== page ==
Most of the best known native annuals, however – think of annual sunflowers, annual ragweeds, and similar species – are largely considered to be weeds.  Because they can quickly become startlingly abundant, they get lumped in with non-native weeds such as buttonweed, exotic pigweeds, lamb’s quarters, and others, that are cropfield pests.  However, that label of “weed” is unfair for most of those annuals (including some of the non-natives).  A better term is “opportunistic”.  And thank goodness for them.  They fill spaces that are opened when the perennial plants around them are weakened, giving herbivores and pollinators something to eat, providing food and cover for wildlife, and helping to stave off true weeds that can take advantage of the same kinds of conditions. 


Plains annual sunflower is on of two annual sunflower species in Nebraska (the majority are perennials).  Plains sunflower inhabits sandier soil than its relative Helianthus annuus.  Both are considered cropfield pests but are also very important components of prairie plant communities.

In our Platte River Prairies, we work to ensure that we harvest seed from as many native annuals as we can each year so they can establish and create a seed bank in our restored prairies.  We do this, in part, because they are native species and part of the prairie community.  However, we also include them because they are a better alternative than some of the invasive species that compete for the same spaces.  We also watch for those annual plants and monitor their ebbs and flows in abundance to help measure whether or not we’re creating open spaces for germination and establish of annual and perennial plants alike.  When I see abundant annuals in our prairie, I know that there are perennials getting an opportunity to spread as well – they’re just not as showy about it.

Woolly plaintain (Plantago patagonica) is an abundant annual in distrubed sandy soils. The small grass seen growing with is is another annual, six-weeks fescue (Vulpia octoflora). We harvest as much seed from both species as we can for our sand prairie restoration work because the two species inhabit the same habitat as exotic annual bromes, and we'd rather have the native species!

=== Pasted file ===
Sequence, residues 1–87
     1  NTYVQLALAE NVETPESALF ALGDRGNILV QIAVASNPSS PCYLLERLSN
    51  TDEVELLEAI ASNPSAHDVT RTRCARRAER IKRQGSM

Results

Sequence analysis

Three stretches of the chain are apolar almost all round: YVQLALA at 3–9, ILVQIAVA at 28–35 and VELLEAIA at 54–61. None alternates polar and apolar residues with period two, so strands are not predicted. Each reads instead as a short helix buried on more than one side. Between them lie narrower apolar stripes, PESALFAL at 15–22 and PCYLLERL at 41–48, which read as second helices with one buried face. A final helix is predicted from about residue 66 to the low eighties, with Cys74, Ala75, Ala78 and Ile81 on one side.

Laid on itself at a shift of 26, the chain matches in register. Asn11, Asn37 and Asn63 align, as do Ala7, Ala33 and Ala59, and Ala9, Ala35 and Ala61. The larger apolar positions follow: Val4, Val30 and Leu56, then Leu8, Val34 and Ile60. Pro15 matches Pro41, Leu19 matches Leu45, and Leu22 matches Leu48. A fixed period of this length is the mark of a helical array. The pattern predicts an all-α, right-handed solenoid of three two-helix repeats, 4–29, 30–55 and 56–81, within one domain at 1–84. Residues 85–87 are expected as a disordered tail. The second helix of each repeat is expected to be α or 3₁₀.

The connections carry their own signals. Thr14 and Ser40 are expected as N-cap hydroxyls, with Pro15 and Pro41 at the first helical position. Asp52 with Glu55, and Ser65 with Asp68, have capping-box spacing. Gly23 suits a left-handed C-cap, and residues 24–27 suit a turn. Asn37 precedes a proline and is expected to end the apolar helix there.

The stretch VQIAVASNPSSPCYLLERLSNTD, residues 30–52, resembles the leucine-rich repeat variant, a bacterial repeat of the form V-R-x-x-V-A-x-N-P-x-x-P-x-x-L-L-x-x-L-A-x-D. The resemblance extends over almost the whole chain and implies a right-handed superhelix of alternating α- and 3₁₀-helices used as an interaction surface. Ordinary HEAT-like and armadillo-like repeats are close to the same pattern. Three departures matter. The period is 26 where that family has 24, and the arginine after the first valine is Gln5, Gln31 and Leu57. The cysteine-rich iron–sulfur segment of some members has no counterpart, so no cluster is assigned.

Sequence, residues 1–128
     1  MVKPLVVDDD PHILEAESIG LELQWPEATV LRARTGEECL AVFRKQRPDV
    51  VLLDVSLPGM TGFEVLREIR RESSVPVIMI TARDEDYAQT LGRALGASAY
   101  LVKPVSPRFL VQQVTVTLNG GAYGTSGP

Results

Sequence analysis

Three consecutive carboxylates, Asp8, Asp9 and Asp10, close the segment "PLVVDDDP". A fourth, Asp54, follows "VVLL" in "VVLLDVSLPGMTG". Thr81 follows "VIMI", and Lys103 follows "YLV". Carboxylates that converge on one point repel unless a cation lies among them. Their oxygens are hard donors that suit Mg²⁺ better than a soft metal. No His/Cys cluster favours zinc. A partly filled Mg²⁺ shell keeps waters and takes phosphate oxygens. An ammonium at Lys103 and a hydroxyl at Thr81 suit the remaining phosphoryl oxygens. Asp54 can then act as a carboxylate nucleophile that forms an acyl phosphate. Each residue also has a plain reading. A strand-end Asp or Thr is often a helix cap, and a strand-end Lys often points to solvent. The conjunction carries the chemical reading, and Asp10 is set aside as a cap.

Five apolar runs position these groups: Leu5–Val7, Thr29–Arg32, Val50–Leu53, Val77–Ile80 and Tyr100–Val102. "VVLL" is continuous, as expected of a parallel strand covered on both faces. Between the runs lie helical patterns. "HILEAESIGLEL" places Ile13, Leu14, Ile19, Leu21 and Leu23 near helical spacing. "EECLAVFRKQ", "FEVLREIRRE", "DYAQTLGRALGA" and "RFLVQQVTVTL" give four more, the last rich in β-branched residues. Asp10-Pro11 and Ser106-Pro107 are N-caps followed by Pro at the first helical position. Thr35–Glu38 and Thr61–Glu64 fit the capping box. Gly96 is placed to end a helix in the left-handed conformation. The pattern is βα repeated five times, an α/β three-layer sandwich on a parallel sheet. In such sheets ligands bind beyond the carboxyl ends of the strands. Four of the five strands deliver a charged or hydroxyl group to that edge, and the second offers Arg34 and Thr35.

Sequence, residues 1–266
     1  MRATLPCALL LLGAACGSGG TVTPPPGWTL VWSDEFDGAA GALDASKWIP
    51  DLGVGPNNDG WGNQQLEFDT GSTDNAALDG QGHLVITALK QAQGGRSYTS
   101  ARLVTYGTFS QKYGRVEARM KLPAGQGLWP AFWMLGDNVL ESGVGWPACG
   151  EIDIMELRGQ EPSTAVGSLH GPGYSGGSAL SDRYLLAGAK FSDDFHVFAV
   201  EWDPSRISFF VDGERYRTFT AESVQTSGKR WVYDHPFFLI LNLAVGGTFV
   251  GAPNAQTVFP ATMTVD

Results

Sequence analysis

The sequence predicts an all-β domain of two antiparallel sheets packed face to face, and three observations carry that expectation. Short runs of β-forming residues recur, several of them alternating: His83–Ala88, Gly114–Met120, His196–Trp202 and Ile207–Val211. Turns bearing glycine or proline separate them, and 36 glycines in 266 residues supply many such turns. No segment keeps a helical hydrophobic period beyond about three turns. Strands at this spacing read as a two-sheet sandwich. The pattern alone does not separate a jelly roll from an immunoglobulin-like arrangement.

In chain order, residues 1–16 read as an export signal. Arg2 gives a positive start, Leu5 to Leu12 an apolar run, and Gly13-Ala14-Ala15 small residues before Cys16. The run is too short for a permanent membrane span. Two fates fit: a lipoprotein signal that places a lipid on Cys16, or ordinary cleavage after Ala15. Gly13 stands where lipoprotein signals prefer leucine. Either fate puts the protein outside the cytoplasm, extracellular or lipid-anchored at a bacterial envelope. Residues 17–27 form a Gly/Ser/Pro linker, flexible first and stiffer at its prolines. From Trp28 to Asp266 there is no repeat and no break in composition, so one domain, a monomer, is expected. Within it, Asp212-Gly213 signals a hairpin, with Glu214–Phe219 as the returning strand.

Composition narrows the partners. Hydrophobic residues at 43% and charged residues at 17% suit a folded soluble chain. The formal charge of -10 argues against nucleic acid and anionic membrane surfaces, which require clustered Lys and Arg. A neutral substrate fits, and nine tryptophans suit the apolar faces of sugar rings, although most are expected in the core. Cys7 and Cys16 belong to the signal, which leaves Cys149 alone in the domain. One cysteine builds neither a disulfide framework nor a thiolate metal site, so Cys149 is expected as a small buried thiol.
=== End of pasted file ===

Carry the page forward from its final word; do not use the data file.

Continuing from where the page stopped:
These are just a few of the many annuals found in the Nebraska prairies we restore and manage.  They’re not any less interesting than perennial plants – just shorter-lived.  If anything, their short spectacular lives (they HAVE to bloom and produce seed in their single year of life in order to ensure a next generation) with abundant flowers and seeds make them underdogs that are easy to root for.  Go annuals!

Saltwort (Salicornia rubra) is one of several annual plant species that can thrive in very saline soil conditions. In Nebraska it is limited mainly to the saline wetlands around Lincoln, Nebraska and is a state-listed species. It is a succulent plant and tastes like sea water when chewed.


Western rockjasmine (Androsace occidentalis) is a tiny annual plant in the primrose family. Found in much of the western 2/3 of the United States and Canada, it is often difficult to see unless one is looking for it. It is relatively common in Nebraska (though usually overlooked) but is a state-listed threatened/endangered species in Indiana, Michigan, and Ohio.

Deer vetch (Lotus unifoliolatus), aka prairie vetch, is a very common native annual legume in our prairies along the Platte River. It becomes very abundant following grazing, summer fire, or drought.